The burn on my arm from a few days ago has subsided, with only a minor blister being somewhat concerning, otherwise, there’s a splash of red on my arm that reminds me of two things: I have a fairly high pain tolerance and if this were a headache, it would be misdiagnosed, mistreated, and misadventured. It’d be like going into the doctor’s office with a bandage over the burn and being told it’s a cut.
I was cooking spinach and dumped the water too soon.
I should have waited for it to cool off, should have worn my oven mitts, and should have been more careful. Instead, it dumped on my arm, the counter, and let’s just say it’s good I was wearing pants and underwear. The most I said was a mild “ouch” then got to work tending to the wound. Fortunately, my editor for larger projects J.D. [writer’s note: Shout out to the editor.] was online, so I showed him a photo and asked for advice.
I lathered petroleum jelly on the wound, cleaned it up, dressed it, and called it good.
It didn’t blister throughout the night, only a day later, so I was in the clear. After a day, I thought about maybe going to see a doctor about it, but from all my experiences so far, the most they’d do is what I did for myself, maybe with a few more tricks up their sleeves. If it leaves a scar, then it will be a souvenir of this experience I’ve hadTripping On [The American Healthcare System], because that bandage example is exactly how it felt.
Here’s my fictional scenario behind that feeling:
I’d go into Doctor-Number-One’s office with the burn. He wouldn’t believe me. I’d offer to show him the burn. He’d refer me to a burn specialist, Doctor-Number-Two. -Two wouldn’t even look at the burn but say it was a cut and give me antibiotics. I’d go back to the insurance company and ask for another doctor. I’d be assigned another doctor, but because they didn’t tell me to arrive early, I arrived “on time” which was “late” and was assigned rookie Doctor-Number-Three, that didn’t know much about burns, prescribed me a mild sedative, then on my follow-up appointment was jealous I saw -Two.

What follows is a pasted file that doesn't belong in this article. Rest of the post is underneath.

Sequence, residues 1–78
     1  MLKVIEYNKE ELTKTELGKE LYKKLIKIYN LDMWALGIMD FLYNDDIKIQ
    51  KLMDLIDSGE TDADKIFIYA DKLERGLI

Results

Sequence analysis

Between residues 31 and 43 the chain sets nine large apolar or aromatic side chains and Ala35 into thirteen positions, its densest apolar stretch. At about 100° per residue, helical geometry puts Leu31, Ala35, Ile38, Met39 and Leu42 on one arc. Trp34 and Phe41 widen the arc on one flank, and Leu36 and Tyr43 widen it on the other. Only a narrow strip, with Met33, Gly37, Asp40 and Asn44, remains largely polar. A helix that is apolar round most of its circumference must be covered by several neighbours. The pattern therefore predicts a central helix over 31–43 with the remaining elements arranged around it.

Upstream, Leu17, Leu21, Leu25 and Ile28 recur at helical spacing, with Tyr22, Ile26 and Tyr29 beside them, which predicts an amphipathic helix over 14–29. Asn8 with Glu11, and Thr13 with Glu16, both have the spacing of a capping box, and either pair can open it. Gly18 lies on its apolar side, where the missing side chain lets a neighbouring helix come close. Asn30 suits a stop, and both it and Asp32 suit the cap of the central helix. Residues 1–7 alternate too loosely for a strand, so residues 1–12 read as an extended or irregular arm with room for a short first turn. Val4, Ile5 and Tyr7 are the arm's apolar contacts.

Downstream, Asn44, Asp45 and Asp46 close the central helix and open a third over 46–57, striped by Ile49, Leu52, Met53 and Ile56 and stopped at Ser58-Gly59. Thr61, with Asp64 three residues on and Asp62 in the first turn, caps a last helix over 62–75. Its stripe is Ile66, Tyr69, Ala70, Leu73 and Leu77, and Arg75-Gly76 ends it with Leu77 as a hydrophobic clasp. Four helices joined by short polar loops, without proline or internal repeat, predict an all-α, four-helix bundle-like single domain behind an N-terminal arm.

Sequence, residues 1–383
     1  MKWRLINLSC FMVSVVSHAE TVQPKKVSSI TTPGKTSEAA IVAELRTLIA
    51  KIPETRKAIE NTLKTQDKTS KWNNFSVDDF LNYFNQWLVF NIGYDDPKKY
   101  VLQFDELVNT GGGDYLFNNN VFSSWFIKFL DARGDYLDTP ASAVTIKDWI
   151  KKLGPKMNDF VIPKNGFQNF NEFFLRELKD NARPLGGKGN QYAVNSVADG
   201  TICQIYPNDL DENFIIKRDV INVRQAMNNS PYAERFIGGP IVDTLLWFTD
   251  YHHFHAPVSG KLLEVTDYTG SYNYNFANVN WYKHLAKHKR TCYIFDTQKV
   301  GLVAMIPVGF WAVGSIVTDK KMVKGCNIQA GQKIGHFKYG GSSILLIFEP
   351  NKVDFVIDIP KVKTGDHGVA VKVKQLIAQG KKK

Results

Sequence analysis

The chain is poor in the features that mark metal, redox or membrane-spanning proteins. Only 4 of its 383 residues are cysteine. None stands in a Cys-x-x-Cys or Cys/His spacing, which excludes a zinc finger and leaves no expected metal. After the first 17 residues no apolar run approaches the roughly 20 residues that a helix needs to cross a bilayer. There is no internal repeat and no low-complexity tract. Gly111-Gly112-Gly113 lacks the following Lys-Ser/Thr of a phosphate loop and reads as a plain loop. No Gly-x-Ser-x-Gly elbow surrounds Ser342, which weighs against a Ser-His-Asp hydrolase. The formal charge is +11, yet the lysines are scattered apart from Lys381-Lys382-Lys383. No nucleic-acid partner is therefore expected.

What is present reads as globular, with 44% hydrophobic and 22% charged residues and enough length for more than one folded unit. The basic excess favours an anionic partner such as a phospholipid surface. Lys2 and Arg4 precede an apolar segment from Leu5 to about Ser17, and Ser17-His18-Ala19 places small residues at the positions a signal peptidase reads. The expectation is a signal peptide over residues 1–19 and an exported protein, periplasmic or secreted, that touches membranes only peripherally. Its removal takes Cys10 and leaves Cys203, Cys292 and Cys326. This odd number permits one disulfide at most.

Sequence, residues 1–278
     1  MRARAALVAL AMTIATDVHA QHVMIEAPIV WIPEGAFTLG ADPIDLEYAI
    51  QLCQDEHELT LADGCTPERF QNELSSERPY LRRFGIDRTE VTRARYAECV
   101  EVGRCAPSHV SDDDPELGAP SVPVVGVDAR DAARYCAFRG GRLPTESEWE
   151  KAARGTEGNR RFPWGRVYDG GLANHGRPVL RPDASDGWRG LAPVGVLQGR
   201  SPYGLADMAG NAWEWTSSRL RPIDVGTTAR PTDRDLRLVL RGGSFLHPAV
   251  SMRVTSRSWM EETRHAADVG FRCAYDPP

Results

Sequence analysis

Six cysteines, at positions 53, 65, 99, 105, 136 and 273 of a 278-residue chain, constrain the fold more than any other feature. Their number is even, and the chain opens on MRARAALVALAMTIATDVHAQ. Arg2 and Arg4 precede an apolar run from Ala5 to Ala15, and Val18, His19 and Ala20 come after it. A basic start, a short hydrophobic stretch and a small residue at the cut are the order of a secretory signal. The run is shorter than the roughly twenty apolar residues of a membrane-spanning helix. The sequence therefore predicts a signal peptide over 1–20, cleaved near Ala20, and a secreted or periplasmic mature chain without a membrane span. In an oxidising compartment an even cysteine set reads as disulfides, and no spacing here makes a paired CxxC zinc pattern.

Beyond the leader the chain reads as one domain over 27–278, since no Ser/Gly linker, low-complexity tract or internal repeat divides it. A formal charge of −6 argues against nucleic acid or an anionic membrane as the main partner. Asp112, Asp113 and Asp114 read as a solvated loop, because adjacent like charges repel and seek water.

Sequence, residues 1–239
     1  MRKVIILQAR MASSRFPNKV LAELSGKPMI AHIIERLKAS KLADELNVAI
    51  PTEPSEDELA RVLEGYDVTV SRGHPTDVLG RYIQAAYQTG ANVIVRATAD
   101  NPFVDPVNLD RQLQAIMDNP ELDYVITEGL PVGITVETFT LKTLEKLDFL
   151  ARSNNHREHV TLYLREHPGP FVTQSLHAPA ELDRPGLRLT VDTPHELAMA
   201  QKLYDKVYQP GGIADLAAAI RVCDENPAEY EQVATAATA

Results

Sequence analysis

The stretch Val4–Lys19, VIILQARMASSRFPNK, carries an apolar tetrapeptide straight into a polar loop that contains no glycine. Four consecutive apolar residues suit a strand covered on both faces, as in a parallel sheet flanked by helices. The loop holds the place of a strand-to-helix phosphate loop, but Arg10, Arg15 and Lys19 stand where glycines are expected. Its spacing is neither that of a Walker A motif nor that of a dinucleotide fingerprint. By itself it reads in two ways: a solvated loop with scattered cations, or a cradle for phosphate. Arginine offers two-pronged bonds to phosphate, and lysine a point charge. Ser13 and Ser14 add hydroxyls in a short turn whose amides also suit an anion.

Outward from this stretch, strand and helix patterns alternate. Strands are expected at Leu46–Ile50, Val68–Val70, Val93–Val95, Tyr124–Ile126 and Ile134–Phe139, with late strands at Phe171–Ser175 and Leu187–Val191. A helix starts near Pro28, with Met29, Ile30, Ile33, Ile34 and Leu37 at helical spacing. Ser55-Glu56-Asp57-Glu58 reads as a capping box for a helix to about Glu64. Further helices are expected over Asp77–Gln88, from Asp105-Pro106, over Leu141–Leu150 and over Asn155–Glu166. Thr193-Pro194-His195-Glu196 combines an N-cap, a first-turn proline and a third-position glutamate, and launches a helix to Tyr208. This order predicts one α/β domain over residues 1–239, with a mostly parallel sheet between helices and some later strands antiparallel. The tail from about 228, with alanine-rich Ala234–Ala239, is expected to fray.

-Four would just figure my burn was a performance.
-Five would be the first one to actually see the burn, but by then, it already became infected, so after my second visit, admitted in earnest that I’d need to go elsewhere. Meanwhile, Doctor-Number-Five-Point-One would chime in with some remote consultation in a completely random direction that I would ignore and forget about until later, so I’d go see -Six as a skin specialist that other than the infection everything about my skin looked fine.
Going to the emergency room with -Seven would provide somewhat helpful.
By that point, I would be in so much pain that I would be prescribed something for the cut on my arm. “No, burn.” “Oh, okay, your burn. Yeah, sure, you don’t look like you’re after painkillers, so here ya go. Now quit wasting my time,” is what he’d say, which was grossly exaggerated from the truth, but in spirit was much the same. I’d send the discharge notice information to my insurance company, who would then set me up with another burn doctor -Eight, that would actually look at my burn, treat the burn, and do some tests, which would lead to a generalist, -Nine, that would look over the wound and tell me to take some time to rest and recuperate.